Hope Embraces Holy Indifference

During a conference last spring, I won the opportunity to pick a book from the freebie table. But the conference administrator decided to run the contest again – something about the numbers not being equal and fair to everyone.

I didn’t really care but when they repeated the contest – once again – I won. It seemed like a divine coincidence I shouldn’t ignore.

So I approached the book table and prayed I would make the right decision. Only one book seemed interesting, so I grabbed it and put it in my bag to take home.

Then I forgot about it. Months later, I pulled it out of my bag and started thumbing through it – then reading more closely – then highlighting text and writing in the margins.

This book has become a necessary piece of my limbo land puzzle. “Living into the Answers – a Workbook for Personal Spiritual Discernment” is now my traveling companion with journal prompts and prayers for spiritual direction.

Authors Valerie Isenhower and Judith Todd devised an individualized plan for discerning God’s will. With questions such as:

  • What is God’s longing for you?
  • When do you most sense God’s presence?
  • How does God fit into your life story?

I was soon hooked into the value of this little workbook. After I finished, I put it aside for a while and last week – picked it up again.

One of the chapters held a keynote for me which became a prayer, a journal entry and now – this blog post. That keynote is the principle of Holy Indifference.

Ignatius of Loyola actually penned the term back in the sixteenth century – pretty smart for a dead saint. He described Holy Indifference as a state of inner freedom, openness and balance.

But Isenhower and Todd take the principle a bit deeper. Their idea involves a willingness to follow the longings of God for our lives so no matter what he designs for us, we are indifferent to our own versions.

To live within the balance of holy indifference, we determine that we don’t really care about the outcome of a decision. However it turns out – whenever and whatever God designs – is okay. We’ll take it – no matter what.

The point is not to worry about the results and not to lean on our own understanding or even our reasoning capabilities.

This practice of spiritual discernment shifts away from self and centers on God. When we come to a crossroads, we’re not afraid to follow him because we know he has the best in mind for us.

He has considered all our objections and all our feeble plans. He asks us to trust him with everything we are and all that we desire – to walk boldly into the future with him.

Every spiritual question seems to circle back to trust – at least in my life.

Can I trust God enough to move me to a place I will love – even if I can’t see it right now?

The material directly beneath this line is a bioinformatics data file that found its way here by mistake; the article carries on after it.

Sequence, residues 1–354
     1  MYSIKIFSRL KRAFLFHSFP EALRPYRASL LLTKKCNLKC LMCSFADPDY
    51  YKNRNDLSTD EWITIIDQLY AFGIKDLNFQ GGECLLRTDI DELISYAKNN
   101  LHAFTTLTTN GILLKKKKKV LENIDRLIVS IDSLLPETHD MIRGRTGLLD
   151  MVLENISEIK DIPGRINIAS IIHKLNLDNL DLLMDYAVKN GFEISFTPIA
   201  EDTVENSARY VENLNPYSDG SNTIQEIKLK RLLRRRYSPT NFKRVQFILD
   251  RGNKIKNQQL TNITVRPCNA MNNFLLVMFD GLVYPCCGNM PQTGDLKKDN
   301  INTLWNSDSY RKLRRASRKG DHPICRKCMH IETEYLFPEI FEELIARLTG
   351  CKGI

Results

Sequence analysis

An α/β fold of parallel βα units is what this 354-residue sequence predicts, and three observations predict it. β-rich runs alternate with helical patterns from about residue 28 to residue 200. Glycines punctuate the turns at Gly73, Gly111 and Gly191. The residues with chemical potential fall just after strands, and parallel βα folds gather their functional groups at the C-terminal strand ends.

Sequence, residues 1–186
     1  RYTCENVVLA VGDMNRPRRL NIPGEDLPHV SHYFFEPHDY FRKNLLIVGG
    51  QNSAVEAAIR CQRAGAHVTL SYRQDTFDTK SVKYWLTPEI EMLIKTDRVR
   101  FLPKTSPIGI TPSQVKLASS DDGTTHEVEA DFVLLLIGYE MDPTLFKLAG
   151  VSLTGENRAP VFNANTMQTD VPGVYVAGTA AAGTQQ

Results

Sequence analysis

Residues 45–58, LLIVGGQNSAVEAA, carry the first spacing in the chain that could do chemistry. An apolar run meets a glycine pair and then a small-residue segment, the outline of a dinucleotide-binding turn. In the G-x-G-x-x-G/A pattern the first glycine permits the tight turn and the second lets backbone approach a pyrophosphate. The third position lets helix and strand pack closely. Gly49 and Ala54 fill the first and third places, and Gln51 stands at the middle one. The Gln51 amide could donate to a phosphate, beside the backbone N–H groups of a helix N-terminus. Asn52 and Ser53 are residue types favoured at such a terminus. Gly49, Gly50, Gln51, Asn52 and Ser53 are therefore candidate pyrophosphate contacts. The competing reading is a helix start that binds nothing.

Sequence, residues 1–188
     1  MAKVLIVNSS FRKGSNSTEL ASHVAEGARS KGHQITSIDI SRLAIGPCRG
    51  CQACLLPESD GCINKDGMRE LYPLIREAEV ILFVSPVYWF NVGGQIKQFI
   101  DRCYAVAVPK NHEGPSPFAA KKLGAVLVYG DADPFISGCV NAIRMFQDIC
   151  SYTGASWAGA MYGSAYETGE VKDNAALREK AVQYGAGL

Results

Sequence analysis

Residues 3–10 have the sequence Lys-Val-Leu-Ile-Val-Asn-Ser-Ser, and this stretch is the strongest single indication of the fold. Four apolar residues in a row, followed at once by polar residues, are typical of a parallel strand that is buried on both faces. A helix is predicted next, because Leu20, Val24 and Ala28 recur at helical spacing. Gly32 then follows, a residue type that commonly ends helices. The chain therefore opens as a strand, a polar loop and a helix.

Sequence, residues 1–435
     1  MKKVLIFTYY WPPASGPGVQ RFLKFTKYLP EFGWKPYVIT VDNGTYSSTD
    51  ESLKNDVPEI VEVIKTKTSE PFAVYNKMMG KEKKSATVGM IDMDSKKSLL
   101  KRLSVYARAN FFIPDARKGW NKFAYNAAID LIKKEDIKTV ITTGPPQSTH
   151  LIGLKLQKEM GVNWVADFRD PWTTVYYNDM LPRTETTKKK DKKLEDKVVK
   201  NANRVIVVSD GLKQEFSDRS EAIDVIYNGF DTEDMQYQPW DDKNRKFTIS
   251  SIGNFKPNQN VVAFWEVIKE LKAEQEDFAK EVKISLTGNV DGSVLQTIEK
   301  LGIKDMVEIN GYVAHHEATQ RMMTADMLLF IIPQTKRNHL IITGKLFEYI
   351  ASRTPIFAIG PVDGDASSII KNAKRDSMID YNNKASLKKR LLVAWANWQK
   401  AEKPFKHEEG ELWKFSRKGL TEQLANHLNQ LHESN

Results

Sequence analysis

Will I trust that God has the best outcome already planned for me – even if it might include doing something I don’t like or giving up something I have treasured?

Am I willing to trust that God’s longing for me will eventually result in something good and beautiful?

Hmm. Holy Indifference replies, “I have considered all the options and God knows best. I will put myself and this decision into his capable hands and trust his heart.”

Sort of makes limbo land less threatening and the outcome more exciting.

©2016 RJ Thesman, Author of the Reverend G Trilogy


0 thoughts on “Hope Embraces Holy Indifference”

  1. Isn’t it interesting how you forgot about that book until the time was right? This reminds me of the yellow umbrella. You knew what you’d like and so did God. Like a good father, he found just the right one and proved He knew you well. This is one step beyond that. This time you wait to see what He picks out without stating the color or the conditions He needs to fulfill. Blessing awaits.

  2. Excellent post! The concept of “holy indifference” is also captured by with words like “surrender” and “acceptance.” But regardless of the terms, and as you’ve so aptly noted, it simply comes down to the realization that “God is God, and I am not” (to quote Stephen Curtis Chapman, from one of his great songs of the ’90s). Thanks for blessing us with this post.

  3. RhymeLovingWriter

    I am with SuZan – what we think of as ‘coincidence’ is actually God’s perfect timing. One of my daughters is a member of a religious community and a motto they have has become my own: “I take what is set before me”. The idea of Holy Indifference puts me in mind of that. Thank you so much for sharing this as a resource, and how positively it affects your journey.

    1. I like “take what is set before me,” too with a “grateful heart.” It does make me chuckle when I remember not always being grateful as a kid for what was set before me. Hmmm. Sounds like a good blog post idea.

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